Things are starting to happen now that we are here and settled in to Aiguebelette for the second World Cup of 2014.  We arrived in Europe on Sunday morning by way of Amsterdam and Geneva, and are now bunked up in Aix les Bains, just about 20 minutes out from the race site.  All of Team USA are staying in a charming little place that maintains a lot of early-mid 20th century feel – layers upon layers of paint, moulded wall panels, classic french doors and windows, and enormous cascading crystal chandeliers in the lobby – and we are sharing the hotel this week with many familiar faces from Team China.

Lac Bleu, Paladru
Lac Bleu, Paladru

We spent our first two days in France acclimating at Lac Bleu in Paladru, some 60 km away.  A small local rowing club opened their doors to us there, and we were able to get in a few training sessions on the water before the course at Aiguebelette opened on Wednesday.  Yesterday was our first outing on the actual race course, and the promises of a spectacular setting for this World Cup came through.  Despite being draped in a heavy mist and then thunderheads all day yesterday, Aiguebelette is a stunning location, and as the weather improves over the next few days, I think it will only get more impressive.

Now that we are only a day away from racing, I’ve had some time to think about what I want to get out of this weekend.  I keep coming back to a conversation I had with one of my teammates before we left for Aiguebelette, when she asked me: “how do you feel now that your worst nightmare is coming true?”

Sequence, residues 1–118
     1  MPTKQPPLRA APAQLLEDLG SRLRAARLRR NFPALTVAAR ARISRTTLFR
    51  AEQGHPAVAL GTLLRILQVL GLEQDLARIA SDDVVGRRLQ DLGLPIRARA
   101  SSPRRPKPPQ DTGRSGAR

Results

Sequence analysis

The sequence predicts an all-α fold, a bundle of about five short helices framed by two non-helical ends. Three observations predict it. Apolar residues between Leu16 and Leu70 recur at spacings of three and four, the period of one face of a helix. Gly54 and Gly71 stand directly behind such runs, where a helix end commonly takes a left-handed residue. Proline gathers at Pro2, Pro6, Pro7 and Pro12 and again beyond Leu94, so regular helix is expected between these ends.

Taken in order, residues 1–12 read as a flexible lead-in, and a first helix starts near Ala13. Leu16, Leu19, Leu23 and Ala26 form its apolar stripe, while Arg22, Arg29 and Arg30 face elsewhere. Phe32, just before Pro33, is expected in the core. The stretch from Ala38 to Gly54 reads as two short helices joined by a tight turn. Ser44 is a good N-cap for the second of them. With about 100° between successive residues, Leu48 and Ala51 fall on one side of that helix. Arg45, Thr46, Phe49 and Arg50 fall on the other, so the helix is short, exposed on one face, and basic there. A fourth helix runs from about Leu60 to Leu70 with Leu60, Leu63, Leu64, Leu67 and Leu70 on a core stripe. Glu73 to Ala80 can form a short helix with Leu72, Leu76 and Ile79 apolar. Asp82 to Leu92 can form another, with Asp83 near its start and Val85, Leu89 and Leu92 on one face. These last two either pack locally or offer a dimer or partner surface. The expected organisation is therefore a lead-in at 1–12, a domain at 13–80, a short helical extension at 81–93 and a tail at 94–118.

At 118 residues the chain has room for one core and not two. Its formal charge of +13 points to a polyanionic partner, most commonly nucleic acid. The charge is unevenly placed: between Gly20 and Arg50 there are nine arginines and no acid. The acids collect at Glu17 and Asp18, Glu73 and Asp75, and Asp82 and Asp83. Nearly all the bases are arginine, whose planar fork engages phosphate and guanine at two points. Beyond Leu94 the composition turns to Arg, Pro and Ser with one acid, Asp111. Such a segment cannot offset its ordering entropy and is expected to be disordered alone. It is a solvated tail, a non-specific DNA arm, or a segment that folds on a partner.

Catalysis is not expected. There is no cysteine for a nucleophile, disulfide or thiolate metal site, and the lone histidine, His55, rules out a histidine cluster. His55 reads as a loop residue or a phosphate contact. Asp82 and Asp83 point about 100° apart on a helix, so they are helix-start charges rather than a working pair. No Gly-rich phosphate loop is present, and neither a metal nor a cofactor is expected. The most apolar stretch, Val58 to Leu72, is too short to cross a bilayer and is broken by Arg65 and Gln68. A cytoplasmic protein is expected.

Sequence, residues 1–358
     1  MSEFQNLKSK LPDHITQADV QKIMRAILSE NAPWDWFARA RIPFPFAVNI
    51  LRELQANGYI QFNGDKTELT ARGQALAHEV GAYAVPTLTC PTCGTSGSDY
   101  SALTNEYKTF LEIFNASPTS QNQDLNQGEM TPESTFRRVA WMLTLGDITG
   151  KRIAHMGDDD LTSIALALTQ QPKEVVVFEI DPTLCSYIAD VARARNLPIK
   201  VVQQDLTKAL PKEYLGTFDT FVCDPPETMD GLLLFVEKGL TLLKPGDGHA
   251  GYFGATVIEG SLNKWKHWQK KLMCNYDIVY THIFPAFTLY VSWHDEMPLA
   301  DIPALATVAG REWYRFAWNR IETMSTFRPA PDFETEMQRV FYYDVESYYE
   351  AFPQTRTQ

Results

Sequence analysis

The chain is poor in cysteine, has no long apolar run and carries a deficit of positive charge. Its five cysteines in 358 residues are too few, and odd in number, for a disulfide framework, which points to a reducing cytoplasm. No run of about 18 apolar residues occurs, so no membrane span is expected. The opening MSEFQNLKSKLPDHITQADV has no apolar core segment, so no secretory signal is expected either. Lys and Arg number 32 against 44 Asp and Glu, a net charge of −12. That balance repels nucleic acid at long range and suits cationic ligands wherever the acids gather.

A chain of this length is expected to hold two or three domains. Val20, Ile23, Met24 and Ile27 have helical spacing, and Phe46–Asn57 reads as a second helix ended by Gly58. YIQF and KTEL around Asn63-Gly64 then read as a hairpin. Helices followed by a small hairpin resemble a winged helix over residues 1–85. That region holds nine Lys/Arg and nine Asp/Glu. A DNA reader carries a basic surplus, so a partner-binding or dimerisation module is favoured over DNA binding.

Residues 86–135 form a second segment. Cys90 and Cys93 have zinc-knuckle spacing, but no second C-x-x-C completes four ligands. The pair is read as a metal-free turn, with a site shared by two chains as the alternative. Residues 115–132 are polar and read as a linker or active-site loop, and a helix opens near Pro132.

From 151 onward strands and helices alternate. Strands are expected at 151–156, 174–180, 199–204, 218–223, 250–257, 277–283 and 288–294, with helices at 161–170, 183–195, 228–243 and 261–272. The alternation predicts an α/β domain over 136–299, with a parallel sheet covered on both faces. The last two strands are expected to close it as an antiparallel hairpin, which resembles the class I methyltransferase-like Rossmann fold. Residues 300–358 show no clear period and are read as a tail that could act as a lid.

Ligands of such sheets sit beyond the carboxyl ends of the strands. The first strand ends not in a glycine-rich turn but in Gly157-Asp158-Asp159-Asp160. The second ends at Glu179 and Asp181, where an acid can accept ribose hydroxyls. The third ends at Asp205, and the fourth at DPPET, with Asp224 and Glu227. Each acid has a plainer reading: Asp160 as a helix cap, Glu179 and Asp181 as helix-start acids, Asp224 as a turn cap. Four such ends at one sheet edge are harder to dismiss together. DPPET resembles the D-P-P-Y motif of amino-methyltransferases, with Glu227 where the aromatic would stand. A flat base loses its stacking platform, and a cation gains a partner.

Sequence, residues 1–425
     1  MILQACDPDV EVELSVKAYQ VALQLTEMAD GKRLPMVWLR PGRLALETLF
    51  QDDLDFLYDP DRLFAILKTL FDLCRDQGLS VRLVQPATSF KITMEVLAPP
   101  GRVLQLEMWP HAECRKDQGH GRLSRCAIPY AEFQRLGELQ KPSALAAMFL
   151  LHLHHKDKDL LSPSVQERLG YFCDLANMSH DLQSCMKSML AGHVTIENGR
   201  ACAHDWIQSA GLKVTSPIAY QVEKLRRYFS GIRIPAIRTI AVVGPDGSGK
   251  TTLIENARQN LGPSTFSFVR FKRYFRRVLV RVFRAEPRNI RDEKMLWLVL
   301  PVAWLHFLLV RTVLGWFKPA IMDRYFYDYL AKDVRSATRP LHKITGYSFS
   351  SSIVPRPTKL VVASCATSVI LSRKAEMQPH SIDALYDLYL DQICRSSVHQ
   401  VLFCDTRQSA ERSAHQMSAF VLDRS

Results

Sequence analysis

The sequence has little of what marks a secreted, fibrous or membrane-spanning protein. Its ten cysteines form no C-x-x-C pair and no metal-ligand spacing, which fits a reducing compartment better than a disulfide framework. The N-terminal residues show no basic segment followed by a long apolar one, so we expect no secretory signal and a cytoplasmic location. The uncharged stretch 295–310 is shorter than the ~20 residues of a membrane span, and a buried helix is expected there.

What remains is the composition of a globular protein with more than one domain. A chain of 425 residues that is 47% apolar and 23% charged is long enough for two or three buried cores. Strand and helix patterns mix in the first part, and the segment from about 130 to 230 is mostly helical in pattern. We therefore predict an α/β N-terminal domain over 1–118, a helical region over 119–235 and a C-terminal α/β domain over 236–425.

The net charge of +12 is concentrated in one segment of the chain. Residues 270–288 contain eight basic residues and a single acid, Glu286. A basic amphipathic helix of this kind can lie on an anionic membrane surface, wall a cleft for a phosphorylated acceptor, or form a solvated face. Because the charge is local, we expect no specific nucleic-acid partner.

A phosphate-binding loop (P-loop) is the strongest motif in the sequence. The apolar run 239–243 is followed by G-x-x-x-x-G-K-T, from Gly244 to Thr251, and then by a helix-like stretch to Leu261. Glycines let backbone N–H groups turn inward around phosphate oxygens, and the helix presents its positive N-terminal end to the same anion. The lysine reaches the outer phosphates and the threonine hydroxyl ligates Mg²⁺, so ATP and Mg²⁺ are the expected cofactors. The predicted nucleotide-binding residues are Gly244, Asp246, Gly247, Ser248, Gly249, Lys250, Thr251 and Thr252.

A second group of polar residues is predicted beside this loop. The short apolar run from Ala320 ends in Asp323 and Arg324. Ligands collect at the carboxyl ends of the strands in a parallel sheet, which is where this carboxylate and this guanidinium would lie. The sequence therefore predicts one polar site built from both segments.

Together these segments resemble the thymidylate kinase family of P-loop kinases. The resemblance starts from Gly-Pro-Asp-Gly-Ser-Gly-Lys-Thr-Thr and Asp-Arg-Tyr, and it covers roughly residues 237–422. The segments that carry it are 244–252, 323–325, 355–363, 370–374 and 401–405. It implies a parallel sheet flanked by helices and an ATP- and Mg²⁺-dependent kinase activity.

She meant, of course, that I will be debuting in not just one, but two different sweep events for the United States this weekend.  And because I’m a veteran athlete who has been set in her ways for all of my time with the Team so far, there isn’t really another way to say it: it’s a big deal for me.  From the outside, switching disciplines may not seem like much.  It’s still the same sport, after all, and the fundamentals are all pretty much the same.  But making the switch this weekend will be the first time I will have rowed internationally with any of my sweep teammates; it will be the first time I have raced against many of these particular international competitors; and it will be the first time, in a long time, that I’ve only had one oar to get myself down the course.  A lot of things will be different for me this weekend.  I’m going to see familiar women launching quads and doubles, and carrying around sculling blades, and I’m probably going to feel a twinge or two.  I never thought that I would be where I am now, doing what I’m doing, racing as a sweeper for the USA in international competition.  I love to scull, and I will always love to scull, and I may even end up sculling again.  Very soon, in fact.

But there is always this: